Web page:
Returning to FOI, the legal requirements have to be dealt with as they are currently and it is not an excuse for the IT head honcho to tell councillors that, oh dear, it’s all a bit of a headache/shambles and we’re trying to sort it out, but haven’t and probably never will. It’s not rocket science to identify which department or official has made a particular decision and, in a proper organisation, the person in charge of that department or official produces an answer and, if they don’t, they are chased up and called to account by someone more senior. As this doesn’t seem to happen, I suppose it’s all down to the lax ‘culture’ created by the invisible and silent Geoff Raw, as usual.

    If it is true that the council is recruiting people for climate and travel jobs, as Serena says, then this is beyond disgraceful. Firstly, a council should deal with its existing legal responsibilities properly and not ignore them in pursuit of expensive ideological projects.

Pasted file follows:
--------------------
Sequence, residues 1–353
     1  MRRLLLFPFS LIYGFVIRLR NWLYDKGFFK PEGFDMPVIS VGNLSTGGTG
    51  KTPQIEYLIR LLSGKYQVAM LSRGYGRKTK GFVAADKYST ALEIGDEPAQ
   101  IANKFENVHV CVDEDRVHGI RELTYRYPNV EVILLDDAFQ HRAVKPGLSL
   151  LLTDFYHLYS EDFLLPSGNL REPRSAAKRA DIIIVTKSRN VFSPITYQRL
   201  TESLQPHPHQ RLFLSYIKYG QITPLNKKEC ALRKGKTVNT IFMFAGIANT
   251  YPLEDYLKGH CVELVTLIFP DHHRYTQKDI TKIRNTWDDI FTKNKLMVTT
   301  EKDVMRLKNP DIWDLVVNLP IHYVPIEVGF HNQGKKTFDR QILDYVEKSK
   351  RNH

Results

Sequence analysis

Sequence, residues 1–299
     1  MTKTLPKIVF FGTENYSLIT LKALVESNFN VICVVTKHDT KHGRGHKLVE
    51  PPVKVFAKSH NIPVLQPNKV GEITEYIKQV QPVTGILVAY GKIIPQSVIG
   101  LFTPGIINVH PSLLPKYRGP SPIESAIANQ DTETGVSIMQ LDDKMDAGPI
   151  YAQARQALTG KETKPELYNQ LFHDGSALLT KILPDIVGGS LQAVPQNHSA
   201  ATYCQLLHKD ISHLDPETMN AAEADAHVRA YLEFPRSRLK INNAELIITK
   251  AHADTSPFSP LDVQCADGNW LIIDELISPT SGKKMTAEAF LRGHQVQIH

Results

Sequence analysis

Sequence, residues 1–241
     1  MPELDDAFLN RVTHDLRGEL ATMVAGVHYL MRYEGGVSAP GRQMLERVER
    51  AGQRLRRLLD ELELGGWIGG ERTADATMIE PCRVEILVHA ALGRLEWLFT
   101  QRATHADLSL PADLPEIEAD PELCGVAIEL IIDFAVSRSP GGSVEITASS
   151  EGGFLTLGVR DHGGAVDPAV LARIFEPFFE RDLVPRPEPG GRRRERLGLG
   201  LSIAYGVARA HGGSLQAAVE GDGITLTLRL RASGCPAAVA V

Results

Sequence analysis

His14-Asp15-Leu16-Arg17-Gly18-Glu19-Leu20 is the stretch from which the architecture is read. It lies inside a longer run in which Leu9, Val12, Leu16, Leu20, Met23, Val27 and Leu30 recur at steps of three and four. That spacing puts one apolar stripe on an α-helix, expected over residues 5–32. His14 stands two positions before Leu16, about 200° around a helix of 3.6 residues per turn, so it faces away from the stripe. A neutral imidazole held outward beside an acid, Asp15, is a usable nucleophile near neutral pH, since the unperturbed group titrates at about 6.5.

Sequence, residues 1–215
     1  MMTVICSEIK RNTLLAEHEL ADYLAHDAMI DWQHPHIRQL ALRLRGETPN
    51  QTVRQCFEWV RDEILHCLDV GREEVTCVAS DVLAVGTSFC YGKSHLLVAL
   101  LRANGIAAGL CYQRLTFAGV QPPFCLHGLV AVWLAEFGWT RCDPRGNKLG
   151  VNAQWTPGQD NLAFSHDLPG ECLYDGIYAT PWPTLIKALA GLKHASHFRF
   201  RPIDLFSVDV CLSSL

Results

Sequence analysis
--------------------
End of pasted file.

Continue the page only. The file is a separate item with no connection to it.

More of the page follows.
12. Some Guy Reply

    “There is supposed to be a bin strike starting early next week, but nobody at the council has said anything publicly to the residents about what they are doing to try to resolve it and whether or not it is going ahead.”
    It’s almost like strike discussions have an element of brinksmanship and tipping one’s hand weakens one’s bargaining position.
    “in a proper organisation, the person in charge of that department or official produces an answer”
    I can assure you that the responsibility will not fall on the person in charge, but their administrative staff. I can also assure you that it takes a lot of work to produce a suitable report, and that it directly impinges on the department’s ability to complete their actual function.